Question 173 of 365: What should an interview be?

Question 173 of 365: What should an interview be?

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I am on a panel to help choose the next Director of Online Learning at the Colorado Department of Education. The panel itself is an cross-section of interests, from higher education to non-profits to multi-district online programs, each of the people who are interviewing the candidates is looking for something  different. And, truly, that is the way it should be. If we were all looking for the same thing, there probably wouldn’t be any need for an interview at all. We could just decide based upon the resumes alone.

The interviews commenced today and all 9 of us were able to ask our predetermined questions. We listened as this candidate answered to the best of his ability, and we feverishly scribbled notes on the official document, our own personal notepad, or (in my case) typed in a few thoughts on a brainstorming app on the iPad. The hour it took to hear all of what this person had to offer was not an undaunting task for either side. I’m sure that he struggled in some of the questions more than he let on and I’m sure that there was some struggle on our part to really see how well we could get to know him in the short time we were allotted.

The more that I thought about the process we underwent and the process that happens in so many conference rooms every day is incredibly strange. We sit together and grill someone on questions that will ultimately decide their fate, but are incredibly inadequate to determining if they would actually do a good job in the position for which they have applied. The questions we asked, about vision and communication and specific data and standards, all of them were in an attempt to paint a picture of who this person is. But, what we really want to know (or at least what we should want to know) is who this person would be in this position. Because we had no crystal ball today (neither the candidate or the interviewers), no one could really see what it would be like to have him leading the department.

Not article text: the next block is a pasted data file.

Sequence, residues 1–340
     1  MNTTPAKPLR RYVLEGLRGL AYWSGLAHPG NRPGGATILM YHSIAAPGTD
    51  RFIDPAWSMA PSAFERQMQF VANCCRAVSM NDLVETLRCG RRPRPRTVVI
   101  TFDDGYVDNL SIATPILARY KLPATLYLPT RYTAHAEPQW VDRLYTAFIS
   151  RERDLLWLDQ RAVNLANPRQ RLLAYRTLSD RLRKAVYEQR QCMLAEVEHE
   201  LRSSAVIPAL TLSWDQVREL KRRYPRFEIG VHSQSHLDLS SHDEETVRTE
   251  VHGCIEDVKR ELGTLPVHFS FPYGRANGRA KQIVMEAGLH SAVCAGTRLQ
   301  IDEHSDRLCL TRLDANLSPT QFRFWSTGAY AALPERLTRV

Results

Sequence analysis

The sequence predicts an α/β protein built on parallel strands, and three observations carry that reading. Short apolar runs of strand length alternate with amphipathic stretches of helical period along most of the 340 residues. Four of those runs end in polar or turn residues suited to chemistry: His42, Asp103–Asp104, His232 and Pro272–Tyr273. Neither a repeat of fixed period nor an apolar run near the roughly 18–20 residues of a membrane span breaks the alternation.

Even though we do not have such a gift of seeing into the future and predicting the fit that a particular person would have within a given position, I think that we have the tools for which we could create a much better process for getting the right person for the job. Here is what I have in mind:

  • Day in the life: I would like the candidates to take us through a day in the life of what he or she is doing currently, showing us concrete situations that cater to their strengths. The easiest way to do this would be to collect some objects that are of significance to their work (reports, documents, presentations, etc.) and show off their workflow within them in a synchronous format (live or in a virtual setting0. I would also like to demonstrate a day in the life of the position they are applying for. This would allow them to get a feel for exactly what they are getting themselves into. I think the easiest way to do this would be to take a snapshot of the director’s computer screen every few minutes and then do a time lapse of activities. I could also see this working for the candidate’s demonstration as well.
  • Real problems: Rather than asking generic questions, I would really love to see how a candidate would solve an issue that is concerning the current stakeholders. I think that the products from this type of collaborative work to solve a single issue would provide a much better comparison of applicants than simply asking them about a problem they have solved in the past.
  • Learning Network: I would like to know more about who these people turn to for advice and learning. I would like to see who their learning network consists of. To me, each of these candidates should have to demonstrate just how they go about dealing with a question that they don’t know the answer to. I would actually like to watch them put in a request to their learning network and see how long it takes to get a series of responses. A decent set of responses in a short amount of time would say to me that this person actually has set up a system of support that will be of value to the whole organization. It says that we are not only hiring this person but also all of the people that she or he knows.

While these may be a radical shift away from current interviewing practices, I actually believe that an emphasis on these three things is going to allow us to compare apples to apples. It will also show just how hard it is to fake your way through actual work, rather than just being able to interview well. It will show exactly what we value as well, which I think is important in any economic climate, regardless of how desperately the candidate is for the position or how desperate we are to fill it. In the end, our values are what will cause someone to stay with a job long enough to create lasting change and sustained growth. Let’s make sure they match up.

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